Ibstock, one of the UK’s leading clay brick manufacturers, recently installed a new stretch hooding machine at its Ellistown plant to replace its existing shrink hooding machine, which was over 20 years old and obsolete. When used in conjunction with plastic straps, the hood lends stability to the brick pack.
The new OMS IS43 Stretch Hooder was installed by Gordian Strapping Ltd, a 100-% subsidiary of Strapack Corp. of Japan. Gordian Strapping is the exclusive representative for OMS in the UK and Ireland and, with its team of 13 engineers, it is also responsible for service and maintenance.
The packs of bricks come direct from the strapping system to the new OMS IS43 stretch hooder. This applies stretch hoods (clear or printed) to up to 60 packs/hour. In the case of printed film, a print mark is used to ensure the logo is in the same position on every pack.
Ibstock’s decision to replace their shrink hooder with a stretch hooder was based on several factors:
› Cost savings thanks to the elimination of gas usage
› Opportunity to reduce cost of packaging by using a lower-gauge film
› Elimination of any risk of packs catching fire
› Improved health and safety, and environmental protection
Shrink and stretch hooding: comparison of films and machinery
Shrink hooding involves applying a heat-shrinkable, gusseted polyethylene bag to a pack and then shrinking it to the pack using hot air emitted from gas burners (LPG or natural gas). The flame on modern machines is only ignited during the shrinking operation. This ensures a considerable energy saving compared to earlier technology, where burners on some models were on during the whole production shift, regardless of whether the hooder was operating. Modern machines also use enclosed hot air burners. The burners on some older models are not enclosed, meaning that if the hood is poorly positioned the flame can come into contact with it, causing the pack to catch fire.
Stretch hooding involves applying a stretchable, gusseted polyethylene bag to a pack, but without using gas burners. While shrink film consists of a single layer, stretch film is a 3-layer co-extruded film. With both systems, gusseted film is supplied on a reel. The machine then draws the film from the reel to the desired length, welds and then cuts it to form the hood. The hood is then lowered over the pack until the machine releases it at the desired position (usually at conveyor level).
Modern stretch hooders have the following advantages over shrink hooders:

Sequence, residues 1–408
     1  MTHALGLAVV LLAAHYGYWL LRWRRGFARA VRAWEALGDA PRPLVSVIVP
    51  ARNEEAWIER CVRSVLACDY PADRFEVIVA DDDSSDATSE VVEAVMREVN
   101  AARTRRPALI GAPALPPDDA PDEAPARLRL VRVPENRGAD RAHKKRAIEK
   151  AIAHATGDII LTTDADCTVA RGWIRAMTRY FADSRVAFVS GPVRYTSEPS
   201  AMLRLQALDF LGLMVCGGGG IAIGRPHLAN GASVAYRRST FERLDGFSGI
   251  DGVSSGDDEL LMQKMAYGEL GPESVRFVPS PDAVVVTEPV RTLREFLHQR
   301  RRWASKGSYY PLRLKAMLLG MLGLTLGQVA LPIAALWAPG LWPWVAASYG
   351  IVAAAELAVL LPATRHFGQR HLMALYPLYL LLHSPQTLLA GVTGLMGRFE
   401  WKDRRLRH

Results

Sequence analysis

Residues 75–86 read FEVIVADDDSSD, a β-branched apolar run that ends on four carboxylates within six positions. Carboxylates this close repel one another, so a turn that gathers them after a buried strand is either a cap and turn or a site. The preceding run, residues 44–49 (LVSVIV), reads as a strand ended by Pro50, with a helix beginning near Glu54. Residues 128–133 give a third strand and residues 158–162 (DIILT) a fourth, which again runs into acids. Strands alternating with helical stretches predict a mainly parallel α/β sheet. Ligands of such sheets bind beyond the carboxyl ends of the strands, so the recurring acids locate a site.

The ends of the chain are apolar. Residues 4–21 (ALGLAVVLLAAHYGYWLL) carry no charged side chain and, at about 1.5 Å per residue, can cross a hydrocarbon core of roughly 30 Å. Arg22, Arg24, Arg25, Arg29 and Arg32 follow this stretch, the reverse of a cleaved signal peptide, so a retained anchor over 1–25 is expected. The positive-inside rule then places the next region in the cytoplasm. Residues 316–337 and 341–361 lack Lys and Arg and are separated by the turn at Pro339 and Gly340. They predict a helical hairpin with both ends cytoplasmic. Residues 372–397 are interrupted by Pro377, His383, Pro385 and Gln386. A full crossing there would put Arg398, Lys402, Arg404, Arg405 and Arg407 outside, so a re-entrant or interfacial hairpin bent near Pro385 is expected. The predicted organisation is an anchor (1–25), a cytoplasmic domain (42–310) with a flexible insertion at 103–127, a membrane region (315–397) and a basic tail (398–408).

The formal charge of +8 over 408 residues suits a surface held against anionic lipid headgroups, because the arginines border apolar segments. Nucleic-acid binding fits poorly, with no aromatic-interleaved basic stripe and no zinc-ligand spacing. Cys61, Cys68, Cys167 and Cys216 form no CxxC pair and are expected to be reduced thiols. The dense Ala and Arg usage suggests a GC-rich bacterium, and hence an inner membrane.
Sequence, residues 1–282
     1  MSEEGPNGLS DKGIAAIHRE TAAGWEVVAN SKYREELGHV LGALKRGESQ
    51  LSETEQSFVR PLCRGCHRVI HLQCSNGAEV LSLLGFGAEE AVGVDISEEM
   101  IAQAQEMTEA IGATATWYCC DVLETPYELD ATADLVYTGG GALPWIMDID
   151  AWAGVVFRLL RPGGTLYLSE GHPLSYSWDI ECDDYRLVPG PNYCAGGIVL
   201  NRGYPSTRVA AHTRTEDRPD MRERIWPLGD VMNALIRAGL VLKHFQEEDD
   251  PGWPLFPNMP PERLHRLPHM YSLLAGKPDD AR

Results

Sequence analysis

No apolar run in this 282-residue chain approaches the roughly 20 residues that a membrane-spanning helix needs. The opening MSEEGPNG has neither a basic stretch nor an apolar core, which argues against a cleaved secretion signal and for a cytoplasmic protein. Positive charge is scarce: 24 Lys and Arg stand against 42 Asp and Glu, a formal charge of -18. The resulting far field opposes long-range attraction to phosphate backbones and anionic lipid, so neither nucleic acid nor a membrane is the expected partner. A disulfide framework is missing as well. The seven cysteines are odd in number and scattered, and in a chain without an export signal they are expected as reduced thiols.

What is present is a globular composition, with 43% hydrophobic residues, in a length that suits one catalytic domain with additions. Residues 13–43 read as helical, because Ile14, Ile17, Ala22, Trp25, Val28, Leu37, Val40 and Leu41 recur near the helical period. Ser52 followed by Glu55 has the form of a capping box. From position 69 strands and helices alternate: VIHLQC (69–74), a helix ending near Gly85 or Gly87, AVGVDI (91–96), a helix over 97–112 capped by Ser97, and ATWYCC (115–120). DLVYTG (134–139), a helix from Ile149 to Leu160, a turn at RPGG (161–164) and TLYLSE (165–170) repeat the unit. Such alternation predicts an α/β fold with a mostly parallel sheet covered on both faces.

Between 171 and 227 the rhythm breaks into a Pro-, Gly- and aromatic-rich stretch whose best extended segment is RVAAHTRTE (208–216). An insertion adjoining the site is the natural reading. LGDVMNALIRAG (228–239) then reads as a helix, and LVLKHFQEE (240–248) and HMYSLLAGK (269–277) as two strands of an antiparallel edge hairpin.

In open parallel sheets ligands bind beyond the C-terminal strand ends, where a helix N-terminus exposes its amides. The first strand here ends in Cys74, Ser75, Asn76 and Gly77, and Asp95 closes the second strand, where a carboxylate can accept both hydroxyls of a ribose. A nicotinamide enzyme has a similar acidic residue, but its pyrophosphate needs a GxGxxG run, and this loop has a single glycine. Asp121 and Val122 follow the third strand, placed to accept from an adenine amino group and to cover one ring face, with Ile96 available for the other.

› As no gas connection is needed, the machine can be installed anywhere in the factory
› Saving on the cost of gas itself – around 4 500 to 5 500 €/year and improvement of the plant’s overall carbon footprint
Most shrink hooders blow air into the bags to help open them. Although most film suppliers use anti-static agents to try to prevent the film sticking together, it can become affected by static in the atmosphere as it is drawn off the reel, making it hard to open the hood. Modern stretch hooders open the bags mechanically, which overcomes static build-up, eliminating the need to blow air into the bags and consequently the risk of dust.
Stretch hooders: specifications and ancillary equipment
Modern stretch hooders are very compact machines and can be integrated into existing lines in just a few days. The footprint of the single-film reel holder machine at Ibstock Ellistown is L x W x H 5 000 mm (arch extended) x 2 500 mm x 4 500 mm. If required, an additional film reel holder can be supplied which provides the option to put a different size film on each reel, or plain film on one reel and printed film on the other (which reduces downtime when changing reels). All machine functions and settings are easily accessible and operated via an HMI. Energy consumption is typically around 0.05 KWh per pallet, and noise levels on some machines are < 70 dB. The following ancillary equipment may be required: new conveyors or conveyor sections, a lifting device (to secure the film beneath the pack if required) or a turntable (to ensure that any logo faces the right way round on the pack).
Film usage and cost
Stretch hooding uses 25– 30% less film per pack than shrink hooding to wrap the same product (based on the same gauge of film). So although stretch film costs around 20% more per tonne than shrink film (approx. 2 299 €/t versus 1 800 €/t at today’s prices for unprinted film), in real terms the cost per pack is the same or lower when stretch hooded.
Furthermore, new lower gauges of film offer additional savings, while still ensuring well-presented and secure packs. For example, by moving from a higher-gauge shrink film (100– 120 µm) to a lower-gauge stretch film (60– 80 µm), many companies calculate a saving of around € 37 500/year (depending on the gauge, the price of the film and the quantity of packs being produced). Further film savings can be made by applying a sleeve (a band of film around the pack which leaves the top of the pack exposed), or a shorter hood.
Advantages of the OMS IS43
The OMS IS43 places the hood onto the pack inside out. Not only is the logo protected from the elements, but the gusset corners, i.e. the flaps formed when the film is welded, are on the inside of the hood meaning that the top of the pack is perfectly flat.